The second and most important step is for the patient to learn to stabilize their blood sugar levels during the day. The patient should never skip breakfast and should eat a breakfast that is protein dominant. For example, the worst breakfast they can eat is a bowl of cereal with toast and juice. This type of breakfast has a very high level of sugar and will cause severe stress to the adrenal glands, especially after the body has been in a state of fasting from time spent sleeping. An ideal breakfast is a high-quality protein shake or some type of meat. The patient also should avoid adrenal stimulants such as candy, soda, fruit juice, coffee and allergic foods. Instruct the patient to eat every two to three hours, consuming low-glycemic foods such as nuts, seeds, hard-boiled eggs or vegetables. Frequent meals with low-glycemic foods take the load off the adrenals and allow them to recover.31 This, in addition to appropriate nutritional supplements, can have a profound regenerating impact on these dysfunctional patterns.
The final step is related to performing simple exercises to reduce the stress response. It should be noted that stress will always impact blood sugar levels, and blood sugar imbalance will always decrease a person’s ability to deal with stress. Too many times, insomnia is blamed solely on excessive stress. Stress may be the trigger, but if the adrenal glands are supported during the stress response, the patient may not suffer from the physiological side effects such as insomnia. Let’s discuss two simple exercises that should not take more than five minutes per day to perform, but will have profound impacts on physiology.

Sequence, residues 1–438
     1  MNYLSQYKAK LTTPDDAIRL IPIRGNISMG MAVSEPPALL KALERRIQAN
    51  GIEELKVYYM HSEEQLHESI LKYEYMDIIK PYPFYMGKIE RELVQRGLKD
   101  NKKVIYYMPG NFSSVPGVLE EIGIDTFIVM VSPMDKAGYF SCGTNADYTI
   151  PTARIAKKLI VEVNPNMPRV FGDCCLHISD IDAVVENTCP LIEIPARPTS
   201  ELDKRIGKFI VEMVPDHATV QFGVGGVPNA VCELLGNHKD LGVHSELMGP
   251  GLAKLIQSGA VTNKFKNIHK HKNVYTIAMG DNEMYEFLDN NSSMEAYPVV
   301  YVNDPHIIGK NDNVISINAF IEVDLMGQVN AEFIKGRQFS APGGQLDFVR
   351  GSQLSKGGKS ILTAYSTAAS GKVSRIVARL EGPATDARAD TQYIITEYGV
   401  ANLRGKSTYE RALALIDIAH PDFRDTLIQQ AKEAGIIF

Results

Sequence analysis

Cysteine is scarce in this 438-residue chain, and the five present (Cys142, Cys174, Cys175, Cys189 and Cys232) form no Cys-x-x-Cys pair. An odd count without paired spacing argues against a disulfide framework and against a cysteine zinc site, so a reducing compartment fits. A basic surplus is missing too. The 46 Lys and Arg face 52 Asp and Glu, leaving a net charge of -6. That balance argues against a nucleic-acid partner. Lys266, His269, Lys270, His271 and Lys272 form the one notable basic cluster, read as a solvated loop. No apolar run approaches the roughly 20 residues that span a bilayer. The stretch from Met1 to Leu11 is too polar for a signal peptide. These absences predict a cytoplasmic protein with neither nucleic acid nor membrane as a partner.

The first exercise involves positive mental imaging. This exercise requires the person to think about the stressful events of the day. They are required to place themselves back in the moment while utilizing as many senses as possible. Once the stressful event has been established, they re-create the scenario while adding humorous and cartoon-like features to the people in the scene. For example, if they had a negative experience of being scolded by their boss, they picture their boss with a big clown nose and goofy ears until the scenario becomes humorous in their minds. They are required to go through all the stressful images of that day, incorporating positive imagery into each one of those scenes.